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A DISTURBED AND HEARTBREAKING CHILDHOOD

From the beginning of this film, there is a heartbreaking statement about the loss of innocence in times of war as we see the sensitive little girl Paulette lose both her parents and her little dog to a Nazi air raid on the French countryside. The desperation she has in clinging to the dead dog shows how much she doesn’t want to let go of what has made her life feel precious, especially when a woman in a wagon tells her the dog is dead and then throws it into the river. When Paulette races down to retrieve the dog from a river bank, she refuses to let go of her innocence and remain in her comfort zone, until she enters the lives of the young boy Michel and his family on their isolated farm.

They are kind enough to let her into their home and their comfort, yet they cannot understand the trauma she must feel and teach her how to pray as a way of feeling better, something she had never learned before hand. Her deepest connection is with Michel, as he sympathizes with her losses, least of all for her dog, and helps her bury a hole for the dog and find another little animal to put down there with him. The obsession with death creates a macabre edge to the children as they keep finding other little dead animals, even creatures they can kill, to build a hidden cemetery where no creature will be lonely. What they do to preserve this sacred place of their own is of no concern to Michel’s parents or the neighbors, who are contending with their own hostilities towards each other. The only human death Paulette witnesses in the midst of the family is that of the oldest son Georges, for whom she helps Michel pray for.

However, when they steal the crosses off of the hearse carrying Georges’ body and leave the father Dolle angry and blaming the neighboring family, the Gouards, for the theft, it shows how little concern the kids have for adults affairs as they do for their own little games. Likewise, Dolle won’t show much care about his son’s death as he does for the missing crosses, showing how ridiculous and self-righteous a religious family is about respecting its dead but caring too much about the religious traditions that come with it. It then leads to a row between Dolle and the Gouard patriarch over the missing crosses, to which the kids will do nothing to stop this and keep their mouths shut to preserve their sacred place. The local clergyman who Michel confessed his theft to promises to keep it secret, but is then angry with Michel over trying to steal his crosses and later exposes him to the two families to break up the fight, showing how the adults’ apparent sacredness for religion and promises are blinded by their own materialism for sacred objects. The kids’ association with their secret cemetery is more passionate and child-like, yet unsettling with how they have had to kill some creatures, such as a little cockroach, to which Paulette isn’t comfortable with but Michel thinks is the only way the animals won’t be lonely in their graves.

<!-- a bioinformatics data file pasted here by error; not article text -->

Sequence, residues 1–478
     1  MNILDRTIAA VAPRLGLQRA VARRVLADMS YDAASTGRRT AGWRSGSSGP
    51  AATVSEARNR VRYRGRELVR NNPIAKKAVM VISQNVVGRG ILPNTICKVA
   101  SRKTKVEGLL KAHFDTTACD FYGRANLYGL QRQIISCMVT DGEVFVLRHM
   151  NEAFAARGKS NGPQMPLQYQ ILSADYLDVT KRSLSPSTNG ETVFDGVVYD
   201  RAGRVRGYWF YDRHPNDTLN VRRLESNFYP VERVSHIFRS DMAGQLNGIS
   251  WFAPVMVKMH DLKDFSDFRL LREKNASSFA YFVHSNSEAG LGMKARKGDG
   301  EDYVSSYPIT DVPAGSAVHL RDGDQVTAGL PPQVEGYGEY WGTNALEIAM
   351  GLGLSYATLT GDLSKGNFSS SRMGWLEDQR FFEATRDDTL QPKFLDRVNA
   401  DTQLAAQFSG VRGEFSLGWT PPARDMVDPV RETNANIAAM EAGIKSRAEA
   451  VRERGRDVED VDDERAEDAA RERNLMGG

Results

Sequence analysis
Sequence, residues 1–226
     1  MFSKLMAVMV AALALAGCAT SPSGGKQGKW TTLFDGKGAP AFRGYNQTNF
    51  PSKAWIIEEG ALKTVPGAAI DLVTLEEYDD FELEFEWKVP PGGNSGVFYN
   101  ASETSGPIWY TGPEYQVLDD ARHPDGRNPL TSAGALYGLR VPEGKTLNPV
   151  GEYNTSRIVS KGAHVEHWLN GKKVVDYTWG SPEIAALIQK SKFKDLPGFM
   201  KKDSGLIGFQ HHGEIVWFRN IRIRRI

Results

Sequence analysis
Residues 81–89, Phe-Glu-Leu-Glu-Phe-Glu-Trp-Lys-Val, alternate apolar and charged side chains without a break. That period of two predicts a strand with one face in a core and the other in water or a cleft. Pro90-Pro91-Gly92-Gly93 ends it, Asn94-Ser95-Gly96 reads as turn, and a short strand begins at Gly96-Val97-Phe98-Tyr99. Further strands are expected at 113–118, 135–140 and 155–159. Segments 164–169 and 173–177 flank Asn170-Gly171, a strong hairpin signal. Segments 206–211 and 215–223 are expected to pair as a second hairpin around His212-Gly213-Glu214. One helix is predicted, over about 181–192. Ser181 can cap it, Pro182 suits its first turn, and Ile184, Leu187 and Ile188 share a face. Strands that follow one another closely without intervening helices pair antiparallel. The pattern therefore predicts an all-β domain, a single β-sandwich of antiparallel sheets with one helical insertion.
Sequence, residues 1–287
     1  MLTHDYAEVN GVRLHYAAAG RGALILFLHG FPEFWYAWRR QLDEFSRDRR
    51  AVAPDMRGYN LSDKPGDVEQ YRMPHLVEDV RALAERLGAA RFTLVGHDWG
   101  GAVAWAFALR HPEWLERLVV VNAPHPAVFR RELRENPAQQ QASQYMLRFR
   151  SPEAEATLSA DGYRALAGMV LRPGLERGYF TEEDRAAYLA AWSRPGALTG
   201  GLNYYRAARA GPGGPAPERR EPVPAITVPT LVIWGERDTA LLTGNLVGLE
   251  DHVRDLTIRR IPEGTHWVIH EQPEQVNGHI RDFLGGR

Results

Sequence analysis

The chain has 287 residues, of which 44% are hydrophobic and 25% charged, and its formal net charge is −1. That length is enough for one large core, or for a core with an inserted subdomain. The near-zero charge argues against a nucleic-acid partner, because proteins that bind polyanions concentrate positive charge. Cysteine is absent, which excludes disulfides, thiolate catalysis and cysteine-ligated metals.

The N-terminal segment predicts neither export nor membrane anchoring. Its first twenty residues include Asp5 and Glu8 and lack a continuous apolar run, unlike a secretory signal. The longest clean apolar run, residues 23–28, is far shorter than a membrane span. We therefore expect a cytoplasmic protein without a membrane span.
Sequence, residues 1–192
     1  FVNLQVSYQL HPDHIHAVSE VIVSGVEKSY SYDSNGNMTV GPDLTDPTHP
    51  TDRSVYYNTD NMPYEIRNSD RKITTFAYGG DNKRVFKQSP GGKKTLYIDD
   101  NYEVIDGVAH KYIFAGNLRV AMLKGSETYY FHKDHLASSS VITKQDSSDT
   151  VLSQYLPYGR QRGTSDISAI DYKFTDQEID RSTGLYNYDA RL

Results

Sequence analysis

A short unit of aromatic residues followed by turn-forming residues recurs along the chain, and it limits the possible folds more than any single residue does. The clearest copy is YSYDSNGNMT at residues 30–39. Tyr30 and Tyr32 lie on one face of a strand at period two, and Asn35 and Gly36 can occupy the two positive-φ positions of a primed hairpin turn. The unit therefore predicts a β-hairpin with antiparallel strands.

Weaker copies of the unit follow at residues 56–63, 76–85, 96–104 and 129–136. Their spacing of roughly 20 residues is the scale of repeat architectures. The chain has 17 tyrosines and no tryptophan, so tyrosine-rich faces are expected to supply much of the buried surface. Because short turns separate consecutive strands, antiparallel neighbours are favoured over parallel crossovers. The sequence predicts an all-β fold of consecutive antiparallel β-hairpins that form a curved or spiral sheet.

Whatever is regarded as sacred, whether it’s the cemetery or the crosses or the funeral of Georges, is contradicted by theft, materialism, dishonesty, and apathy, making the demands of children and adults very incompatible with each other. The defiance Michel shows against his overbearing father and his blackmailing of his older sister in her affair with the Gouards’ eldest son Francis causes deeper animosity between the kids and adults. Whatever facades they hide behind to appear holier or more righteous than the other leads to chaos and dishonesty, leaving the children hurt the most when Paulette has to be taken to the Red Cross by the police and Michel is left to throw away the crosses on the animals’ graves into the river after Dolle breaks his promise to let the girl stay in exchange for the crosses. Their childish games are over and the throwing of the crosses shows the disregard for the sacred when religion is often portrayed as hypocritical and cruel. Now that the children can’t be together, Michel won’t let the adults have the crosses back, thus making the children and the adults even in what they get for all their dishonesty and animosity towards each other. When Paulette is alone at the Red Cross, nothing the nurse can offer in comfort can help her get over the tears of separation from her friend and she is left running after a man with the name Michel, crying out, leaving the film on a heartbreaking note of a child clinging to lost passions of innocence and love.

What Forbidden Games did fairly with the characters is that it didn’t let one get too attached to most of them as we see the adults and the kids losing something of value and turning antagonistic as a result, which made it hard to find a real protagonist or antagonist. The children are slightly macabre and disturbed in how they create their cemetery and don’t care about the rift it brings in the adults and the adults likewise become controlling and dishonest with the kids in return in getting back what they’ve stolen. The only one who we can really cry for the most is Paulette because she has lost everything, first her family and her dog, now Michel and his family, which leaves her alone again and desperate for something to cling to. It will likely be a difficult childhood for her, especially with the war having five years to go during the early 40s, and we won’t know how she can regain the source of innocence in her life. The more she cries and begs she arouses tears and sympathy for her plight and we can only hope she will get better.